Assisted living: A caregiver’s dilemma and guilt
In this blog post, Geeta Iyer talks about the difficult decision of looking into dementia care facilities and also about the guilt that caregivers go through when making the tough decision of whether to leave their loved ones at an assisted facility or not.
Over two years ago, it became clear to us that my dad needed 24-hour care and couldn’t be left alone. This was when he started exhibiting many symptoms of dementia, including not knowing where he was or who we were. I instantly became this overprotective daughter, who wanted to make sure he never got lost or fell or wet himself. I remember being peeved when my dad wandered up a flight of stairs to his bedroom while in my mom’s care. She had just stepped into the kitchen for a moment, but I thought she was negligent.
“If he falls, he falls. We are doing all we can,” she said. And, we were. Eventually, it took quitting my job, selling my house, moving to India, and hiring full-time help at home to keep up with the progression of this awful disease.
Would I ever put him in a dementia care facility, assuming it was available here? Probably not, but it is a topic that has crossed my mind more than once.
When hired caregivers go on vacation!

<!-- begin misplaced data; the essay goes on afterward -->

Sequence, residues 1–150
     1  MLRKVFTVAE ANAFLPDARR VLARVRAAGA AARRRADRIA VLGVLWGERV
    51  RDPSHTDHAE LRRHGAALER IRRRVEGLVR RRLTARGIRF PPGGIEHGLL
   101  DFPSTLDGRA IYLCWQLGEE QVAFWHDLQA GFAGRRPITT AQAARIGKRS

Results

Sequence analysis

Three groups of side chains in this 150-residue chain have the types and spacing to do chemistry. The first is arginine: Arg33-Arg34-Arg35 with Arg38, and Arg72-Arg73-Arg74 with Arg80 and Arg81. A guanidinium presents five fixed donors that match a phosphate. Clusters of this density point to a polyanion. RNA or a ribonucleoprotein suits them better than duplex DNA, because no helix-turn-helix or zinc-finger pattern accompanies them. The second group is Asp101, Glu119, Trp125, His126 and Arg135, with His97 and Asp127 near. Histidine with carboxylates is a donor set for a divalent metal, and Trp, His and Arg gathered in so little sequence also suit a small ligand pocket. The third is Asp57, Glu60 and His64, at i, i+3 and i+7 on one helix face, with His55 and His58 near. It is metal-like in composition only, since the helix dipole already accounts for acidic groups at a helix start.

June 11, 2019: Leela, our daytime caregiver for dad had a family emergency and called the day off. Luckily, I hadn’t planned anything for the day and could easily step in. I toyed with the idea of getting a replacement but dropped the idea as it was so last minute.
Dad has been in ‘La La Land’ a bit more than usual these past couple of days, so getting him to have a bath was not a smooth event. He is physically getting weaker, so it is actually amazing that he goes through the routine every single day. As he often does, he had changed his mind (or forgotten) about bathing soon after agreeing to it. Pretty soon, he was raising his hands, getting abusive, and predictably, I joined his chorus. We were having our totally dysfunctional moment together. I was the adult here, and knew he had no control over what was registering in his brain or his responses. It was over soon, I was calm again and he was his old trusting, affectionate self. And I was left with my guilt of having failed. Again!